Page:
Unlike police officers and firefighters, the work done by correctional officers and jailers often is hidden from the public’s view. [9] With prisons and jails intentionally insulated, everyday Americans do not see the daily acts of heroism and bravery undertaken by correctional workers each day. Instead, when this type of work is highlighted in either the news or entertainment media, it often is cast in a negative light. Images and stories of officers abusing their power, harming those they are entrusted to supervise, and engaging in criminal acts dominate the news headlines and the storylines of popular television shows and movies. [8, 9, 10, 11] These negative portrayals overshadow the transformative and important work done inside our nation’s prison and jails. Thus, a salient question becomes: Could showing what correctional officers and jailers really do each change the perceptions that Americans hold of this line of work?

To test this question, we re-analyzed our data solely including people who stated they personally knew a correctional officer or jailer. As expected, among this group of respondents with a personal connection to someone working in corrections, their average prestige rating of correctional officers rose to 4.92 out of 5 and to 4.68 out of 5 for jailers. More specifically, the ranking rose correctional officers 8 places from 16th out of 25 to 8th out of 25, tying them with electricians and placing them just below college professors. For jailers, the ranking increased 10 spots from 23rd out of 25 to 13th out of 25, placing them near social workers and park rangers. These findings confirm that when people have more information about what correctional work entails, they are more likely to view it as more prestigious and admirable.

These findings have direct implications for correctional administrators. Specifically, concerted efforts need to be undertaken to spotlight the brave and heroic work done by our nation’s correctional officers and jailers. Police officers and firefighters work in plain view of the public where citizens can see (and record for others) how their work saves lives. Additionally, their valorous acts often are reported on by the news media and portrayed in popular entertainment media. Correctional administrators should take note of this. Although they likely cannot shape the entertainment industry, they can reach out to news media to report on the positive and life-changing work done by officers and jailers.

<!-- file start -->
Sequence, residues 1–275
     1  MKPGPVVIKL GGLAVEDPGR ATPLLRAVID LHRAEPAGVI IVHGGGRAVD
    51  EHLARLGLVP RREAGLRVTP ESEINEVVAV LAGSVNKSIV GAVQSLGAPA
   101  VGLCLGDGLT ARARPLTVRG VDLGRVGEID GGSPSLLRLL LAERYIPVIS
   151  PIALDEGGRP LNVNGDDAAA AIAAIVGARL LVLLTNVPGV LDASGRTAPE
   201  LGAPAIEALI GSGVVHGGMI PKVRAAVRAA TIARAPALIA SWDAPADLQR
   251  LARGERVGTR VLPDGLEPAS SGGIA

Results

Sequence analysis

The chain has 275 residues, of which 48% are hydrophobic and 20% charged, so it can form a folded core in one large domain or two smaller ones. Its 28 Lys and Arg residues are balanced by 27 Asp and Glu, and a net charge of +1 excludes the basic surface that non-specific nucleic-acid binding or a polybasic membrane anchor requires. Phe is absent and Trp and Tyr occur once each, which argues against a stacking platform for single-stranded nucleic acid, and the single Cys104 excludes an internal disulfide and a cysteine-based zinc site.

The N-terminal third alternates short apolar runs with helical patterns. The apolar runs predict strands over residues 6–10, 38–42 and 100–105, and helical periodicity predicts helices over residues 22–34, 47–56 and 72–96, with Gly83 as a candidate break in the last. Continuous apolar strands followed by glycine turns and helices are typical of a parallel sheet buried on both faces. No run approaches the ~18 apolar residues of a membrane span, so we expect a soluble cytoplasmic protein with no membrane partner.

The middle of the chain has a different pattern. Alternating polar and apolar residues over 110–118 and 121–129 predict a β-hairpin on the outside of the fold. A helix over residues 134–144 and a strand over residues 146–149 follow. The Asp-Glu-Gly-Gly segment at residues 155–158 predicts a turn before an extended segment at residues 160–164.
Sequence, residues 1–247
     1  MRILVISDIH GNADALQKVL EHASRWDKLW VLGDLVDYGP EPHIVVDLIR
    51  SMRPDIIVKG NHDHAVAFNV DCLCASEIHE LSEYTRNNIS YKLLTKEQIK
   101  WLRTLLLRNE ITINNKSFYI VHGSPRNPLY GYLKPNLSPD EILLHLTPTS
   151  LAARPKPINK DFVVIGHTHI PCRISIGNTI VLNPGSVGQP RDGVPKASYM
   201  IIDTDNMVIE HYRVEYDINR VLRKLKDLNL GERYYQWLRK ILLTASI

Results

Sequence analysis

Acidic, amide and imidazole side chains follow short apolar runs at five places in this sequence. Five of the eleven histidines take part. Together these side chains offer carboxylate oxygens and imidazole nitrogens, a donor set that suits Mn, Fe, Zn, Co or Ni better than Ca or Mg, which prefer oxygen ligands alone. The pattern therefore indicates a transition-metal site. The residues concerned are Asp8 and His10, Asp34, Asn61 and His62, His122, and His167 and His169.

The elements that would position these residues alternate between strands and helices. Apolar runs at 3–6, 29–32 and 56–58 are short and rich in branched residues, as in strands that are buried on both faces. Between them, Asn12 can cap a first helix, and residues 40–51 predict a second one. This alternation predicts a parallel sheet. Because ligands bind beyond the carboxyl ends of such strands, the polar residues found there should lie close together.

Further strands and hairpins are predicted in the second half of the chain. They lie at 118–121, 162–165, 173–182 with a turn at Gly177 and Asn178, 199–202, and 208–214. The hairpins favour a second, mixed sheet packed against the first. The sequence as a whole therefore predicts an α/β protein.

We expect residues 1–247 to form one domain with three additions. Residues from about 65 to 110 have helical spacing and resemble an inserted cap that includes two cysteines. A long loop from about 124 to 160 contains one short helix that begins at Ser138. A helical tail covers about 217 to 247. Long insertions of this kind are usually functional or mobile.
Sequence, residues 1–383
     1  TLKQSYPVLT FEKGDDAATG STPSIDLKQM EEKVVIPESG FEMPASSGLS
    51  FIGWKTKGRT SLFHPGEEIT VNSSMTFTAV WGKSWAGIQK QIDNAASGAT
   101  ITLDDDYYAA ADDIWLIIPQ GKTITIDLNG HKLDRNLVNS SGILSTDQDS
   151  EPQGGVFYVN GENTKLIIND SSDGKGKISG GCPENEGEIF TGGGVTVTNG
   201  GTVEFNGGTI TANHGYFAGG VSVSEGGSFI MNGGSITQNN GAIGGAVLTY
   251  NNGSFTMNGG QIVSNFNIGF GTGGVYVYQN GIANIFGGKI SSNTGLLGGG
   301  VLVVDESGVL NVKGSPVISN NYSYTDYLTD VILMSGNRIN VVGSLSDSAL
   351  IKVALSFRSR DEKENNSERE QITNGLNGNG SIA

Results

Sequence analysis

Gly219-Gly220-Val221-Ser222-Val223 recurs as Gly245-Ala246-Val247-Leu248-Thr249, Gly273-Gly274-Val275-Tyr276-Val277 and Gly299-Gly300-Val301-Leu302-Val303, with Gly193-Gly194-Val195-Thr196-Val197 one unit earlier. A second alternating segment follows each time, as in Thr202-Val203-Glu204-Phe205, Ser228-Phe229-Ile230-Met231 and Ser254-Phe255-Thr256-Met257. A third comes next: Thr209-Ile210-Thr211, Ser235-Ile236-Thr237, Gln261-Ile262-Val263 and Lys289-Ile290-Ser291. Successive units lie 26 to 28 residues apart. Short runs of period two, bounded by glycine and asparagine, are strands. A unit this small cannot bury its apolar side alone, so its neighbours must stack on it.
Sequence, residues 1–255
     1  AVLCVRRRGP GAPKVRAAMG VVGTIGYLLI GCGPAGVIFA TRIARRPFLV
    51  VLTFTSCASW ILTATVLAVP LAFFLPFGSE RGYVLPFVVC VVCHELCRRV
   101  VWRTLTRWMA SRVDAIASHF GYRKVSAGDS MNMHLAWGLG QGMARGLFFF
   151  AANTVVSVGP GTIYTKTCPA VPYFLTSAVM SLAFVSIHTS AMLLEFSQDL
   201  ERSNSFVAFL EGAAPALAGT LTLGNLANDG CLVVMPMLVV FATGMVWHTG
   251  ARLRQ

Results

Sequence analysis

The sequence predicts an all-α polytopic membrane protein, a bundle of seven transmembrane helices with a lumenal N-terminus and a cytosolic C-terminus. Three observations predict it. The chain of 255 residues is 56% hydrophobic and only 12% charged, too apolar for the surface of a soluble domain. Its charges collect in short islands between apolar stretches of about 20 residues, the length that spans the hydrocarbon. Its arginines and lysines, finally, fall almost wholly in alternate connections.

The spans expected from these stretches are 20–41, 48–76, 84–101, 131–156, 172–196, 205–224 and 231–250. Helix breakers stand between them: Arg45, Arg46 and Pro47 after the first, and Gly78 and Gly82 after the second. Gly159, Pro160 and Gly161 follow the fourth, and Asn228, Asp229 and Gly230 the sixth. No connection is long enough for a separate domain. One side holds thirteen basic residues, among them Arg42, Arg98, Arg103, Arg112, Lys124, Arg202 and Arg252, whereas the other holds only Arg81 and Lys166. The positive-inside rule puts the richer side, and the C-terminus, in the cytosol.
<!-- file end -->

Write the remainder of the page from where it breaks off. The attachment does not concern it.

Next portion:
Additionally, to take this matter into their own hands, correctional agencies could appoint or hire designated social media managers to ensure that this positive and challenging work is recognized and made aware to the public. By doing this, it is possible the public will gain a more complete view of the work that goes on inside a prison or jail and view correctional work as both more prestigious and admirable.


1. Konda S, Tiesman H, Reichard A, Hartley D. U.S. correctional officers killed or injured on the job. Corrections Today. 2013;75(5):122–123.

2. Page J. The toughest beat: Politics, punishment, and the prison officer’s union in California. Oxford University Press; 2011.

3. Ashforth BE, Kreiner GE, Clark MA, Fugate M. Normalizing dirty work: Managerial tactics for countering occupational taint. Academy of Management Journal. 2007;50(1):149-174.

4. Ashforth BE, Kreiner GE. Dirty work and dirtier work: Differences in countering physical, social, and moral stigma. Management and Organization Review. 2014;10(1):81-108.

5. Berger R. Public image of corrections. California Youth Authority Quarterly. 1978;31(1):2-1.

6. Nakao K, Treas J. Updating occupational prestige and socioeconomic scores: How the new measures measure up. Sociological Methodology. 1994;1-72.

7. Smith TW, Son J. Measuring occupational prestige on the 2012 general social survey. Vol. 4. Chicago: NORC at the University of Chicago; 2014.

8. Burton AL. Hacks or heroes? Public perceptions of correctional officers. Doctoral dissertation, University of Cincinnati; 2022.

9. Vickovic S, Griffin M, Fradella H. Depictions of correctional officers in newspaper media: An ethnographic content analysis. Criminal Justice Studies. 2013;26(4):455-477.

10. Welsh A, Fleming T, Dowler K. Constructing crime and justice on film: Meaning and message in cinema. Contemporary Justice Review. 2011;14(4):457-476.

11. Freeman R. Public perceptions and corrections: COs as smug hacks. In: Bailey FY, Hale DC, editors. Popular culture, crime, and justice. West/Wadsworth; 1998. p. 196-208.

About the authors

Alexander L. Burton, Ph.D., is an assistant professor in the Criminology and Criminal Justice Program at The University of Texas at Dallas.

Kerrie Ann Hull, M.S.W., is a doctoral student in the Criminology and Criminal Justice Program at The University of Texas at Dallas.

Cheryl Lero Jonson, Ph.D., is an associate professor in the Department of Criminal Justice at Xavier University in Cincinnati, Ohio.

Contact the authors about their research at and